Seton Hall University’s technology-forward outlook made it seem like they had the tech boom wired—or wireless, as the case may be. Since the 1990s, they’ve given each and every student a laptop to make sure they can stay connected anytime, anywhere. Students love the Mobile Computing Program, which sponsors the gadgets and connections that harmoniously intertwine their academic and social lives. Then, in 2005, SHU made a startling discovery: though students used their devices daily for school work, email, and social networking, many didn’t have basic computer skills to solve common operating system problems.
“We knew our students were quite social media savvy. But then we realized that many students lacked basic general troubleshooting skills to solve problems and stay safe in today’s cyber world,” says Teaching, Learning and Technology Center Associate Director Danielle Mirliss. To shore up students’ computing abilities, they developed a course to teach strategies for avoiding viruses and spyware, staying safe online, and organizing files, plus other computing topics.
What made this course different, though, was that administrators decided to deliver it online. After all, SHU had spent a decade building an incredible computing infrastructure. Why not deploy it so students could take the course on their own schedule, from anywhere? Plus, it would be a lot simpler than trying to coordinate 1,000+ students and staff for a face-to-face training session—and where would they hold it, anyway?
The school built the first iteration of its Tech Skills 1 course in 2006, then redeveloped it using the Articulate Studio suite in 2009. Danielle recalls, “We wanted a rapid e-learning development tool that would let us create engaging online modules quickly. We switched to Studio because it was so easy to use, worked well with PowerPoint, and had such an incredible user community around it. Plus, we could host courses in Blackboard, our course management system.” The team also liked how easily they could update content in Articulate Presenter and Articulate Engage to keep courses relevant with the latest tech information.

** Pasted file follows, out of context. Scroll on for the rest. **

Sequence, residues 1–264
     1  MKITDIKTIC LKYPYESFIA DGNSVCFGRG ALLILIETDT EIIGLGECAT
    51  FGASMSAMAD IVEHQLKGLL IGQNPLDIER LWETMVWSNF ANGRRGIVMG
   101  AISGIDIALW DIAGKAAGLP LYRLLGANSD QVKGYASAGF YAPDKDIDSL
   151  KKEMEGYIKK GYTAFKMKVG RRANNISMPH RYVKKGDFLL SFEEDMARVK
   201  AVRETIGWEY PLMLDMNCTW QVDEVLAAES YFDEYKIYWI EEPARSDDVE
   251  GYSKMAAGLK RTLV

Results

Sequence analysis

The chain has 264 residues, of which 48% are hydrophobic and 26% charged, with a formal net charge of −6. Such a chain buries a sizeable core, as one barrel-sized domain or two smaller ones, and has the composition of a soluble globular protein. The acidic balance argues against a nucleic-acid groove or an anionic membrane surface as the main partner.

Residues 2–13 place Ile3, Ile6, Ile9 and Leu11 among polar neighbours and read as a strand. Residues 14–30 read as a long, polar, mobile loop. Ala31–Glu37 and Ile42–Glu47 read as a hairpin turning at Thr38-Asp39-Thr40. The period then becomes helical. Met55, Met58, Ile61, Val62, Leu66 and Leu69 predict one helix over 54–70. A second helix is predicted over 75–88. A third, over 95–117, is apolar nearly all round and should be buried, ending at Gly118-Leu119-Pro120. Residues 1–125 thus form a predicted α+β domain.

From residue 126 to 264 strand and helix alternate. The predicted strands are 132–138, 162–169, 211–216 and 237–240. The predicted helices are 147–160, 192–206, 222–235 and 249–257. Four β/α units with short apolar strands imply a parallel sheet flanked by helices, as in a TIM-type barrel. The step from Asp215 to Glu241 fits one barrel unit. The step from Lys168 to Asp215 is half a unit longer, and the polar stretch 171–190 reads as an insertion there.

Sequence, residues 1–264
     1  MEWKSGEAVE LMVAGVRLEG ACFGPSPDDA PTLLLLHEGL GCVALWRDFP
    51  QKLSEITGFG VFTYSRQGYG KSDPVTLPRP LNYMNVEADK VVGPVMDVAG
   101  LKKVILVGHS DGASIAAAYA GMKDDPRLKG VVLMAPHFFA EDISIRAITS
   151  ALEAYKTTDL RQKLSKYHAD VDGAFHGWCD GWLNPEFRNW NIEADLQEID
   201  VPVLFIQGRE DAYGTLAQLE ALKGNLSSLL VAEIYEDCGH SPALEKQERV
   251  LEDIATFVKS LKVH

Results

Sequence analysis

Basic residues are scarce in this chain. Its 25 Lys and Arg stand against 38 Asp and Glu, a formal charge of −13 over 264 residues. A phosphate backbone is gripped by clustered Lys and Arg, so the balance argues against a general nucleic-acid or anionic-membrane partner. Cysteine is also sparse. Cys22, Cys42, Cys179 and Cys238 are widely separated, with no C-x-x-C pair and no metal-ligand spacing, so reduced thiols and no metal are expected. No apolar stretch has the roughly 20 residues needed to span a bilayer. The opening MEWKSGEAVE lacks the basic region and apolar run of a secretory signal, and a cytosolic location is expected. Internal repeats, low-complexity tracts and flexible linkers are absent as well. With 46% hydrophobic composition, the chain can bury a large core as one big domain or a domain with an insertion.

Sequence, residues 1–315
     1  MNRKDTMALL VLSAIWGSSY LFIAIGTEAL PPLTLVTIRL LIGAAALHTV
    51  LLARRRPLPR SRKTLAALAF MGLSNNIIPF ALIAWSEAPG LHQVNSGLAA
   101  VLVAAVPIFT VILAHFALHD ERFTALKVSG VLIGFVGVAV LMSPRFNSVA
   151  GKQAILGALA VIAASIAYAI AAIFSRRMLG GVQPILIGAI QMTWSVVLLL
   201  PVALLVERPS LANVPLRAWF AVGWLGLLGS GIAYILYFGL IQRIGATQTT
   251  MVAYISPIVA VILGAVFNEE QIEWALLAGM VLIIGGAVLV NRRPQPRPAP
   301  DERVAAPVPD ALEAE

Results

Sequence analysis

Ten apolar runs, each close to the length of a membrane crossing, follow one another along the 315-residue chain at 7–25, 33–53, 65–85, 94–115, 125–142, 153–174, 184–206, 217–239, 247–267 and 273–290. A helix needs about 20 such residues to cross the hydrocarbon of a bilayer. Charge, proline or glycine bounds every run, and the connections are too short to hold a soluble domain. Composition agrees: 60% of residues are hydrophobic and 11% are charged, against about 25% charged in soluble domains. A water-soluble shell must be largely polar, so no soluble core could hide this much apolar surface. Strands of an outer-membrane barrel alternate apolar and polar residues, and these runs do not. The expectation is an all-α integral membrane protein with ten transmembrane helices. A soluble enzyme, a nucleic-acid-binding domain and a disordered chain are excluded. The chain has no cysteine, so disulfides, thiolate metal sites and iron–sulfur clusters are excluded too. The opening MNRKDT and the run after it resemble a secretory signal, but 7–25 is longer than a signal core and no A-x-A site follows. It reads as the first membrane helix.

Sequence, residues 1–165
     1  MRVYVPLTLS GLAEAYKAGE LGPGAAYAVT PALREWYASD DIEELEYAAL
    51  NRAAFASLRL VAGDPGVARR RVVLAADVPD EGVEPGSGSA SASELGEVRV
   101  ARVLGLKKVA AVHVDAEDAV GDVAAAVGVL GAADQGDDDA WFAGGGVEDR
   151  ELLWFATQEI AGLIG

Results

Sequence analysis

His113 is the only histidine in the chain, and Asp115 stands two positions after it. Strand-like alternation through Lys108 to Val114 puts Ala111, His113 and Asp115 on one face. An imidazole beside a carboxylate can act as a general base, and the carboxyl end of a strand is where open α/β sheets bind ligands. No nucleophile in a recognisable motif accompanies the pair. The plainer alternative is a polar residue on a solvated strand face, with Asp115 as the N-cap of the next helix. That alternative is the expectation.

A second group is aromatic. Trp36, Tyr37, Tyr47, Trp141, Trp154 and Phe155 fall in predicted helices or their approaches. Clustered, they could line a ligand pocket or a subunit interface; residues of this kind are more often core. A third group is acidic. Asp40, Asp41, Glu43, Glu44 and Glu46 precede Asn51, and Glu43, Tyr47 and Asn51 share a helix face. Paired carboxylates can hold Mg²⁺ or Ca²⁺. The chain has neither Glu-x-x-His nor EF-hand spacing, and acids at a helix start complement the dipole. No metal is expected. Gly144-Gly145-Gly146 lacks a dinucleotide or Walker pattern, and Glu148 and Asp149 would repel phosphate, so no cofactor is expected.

When Tech Skills 1 went live, students said it was informative, interactive, and easy to use. “Students always learn something,” says Danielle. “The course covers safe computing strategies, networking, information about other campus services, and more.” SHU has seen the completion rate climb more than 18% since its inception, topping 80% for 2012’s freshman class.
What SHU administrators didn’t realize when they created Tech Skills 1, however, was that they weren’t just creating a course. They were building an e-learning platform for tackling other important technology topics, including productivity tools, cloud computing, online collaboration, and social media etiquette.
The university’s administrators launched Tech Skills 2 in Studio, but then decided to build Tech Skills 3 in Articulate Storyline so students could view it on tablets such as iPads. But they soon realized that Storyline features—such as the timeline, variables, characters, and screen recording—opened up possibilities far beyond mobility. “Tech Skills 3 is more narrative in nature,” recalls Shayle Adrian, an instructional designer at SHU. “We used characters to personalize the story so that students could relate to the content. Additionally, the timeline made it easy to place content on the page and add fun transitions and animations.”
While it was the Tech Skills series that led SHU to Articulate products, the university now relies on Studio and Storyline for other e-learning programs. Shayle notes, “Particularly with today’s mobile technology, students expect to be able to access course content anywhere.”
Of course, students represent just the tip of the e-learning iceberg at SHU. Next up is a data security course for school administrators. This one’s an interesting hybrid: the school purchased Articulate-based content modules from Daniel Solove, a security expert and founder of Teach Privacy LLC. Then, the school’s instructional designers simply customized the course for SHU’s purposes and uploaded it to Blackboard, where administrators will access the course.
The school’s e-learning effort doesn’t stop there—even the faculty are going back to school to learn best practices in online teaching and course development. Courses are in progress to help professors keep up their own tech skills and gain tips and tricks for teaching and learning in the online world.
Shayle recalls, “What started out as a small course for students to enhance their basic computing skills has turned into a much larger initiative that produced a series of self-paced online courses. Storyline and Studio have made it easy for us to develop rich, interactive content to support many different learning initiatives for students, faculty, and staff.”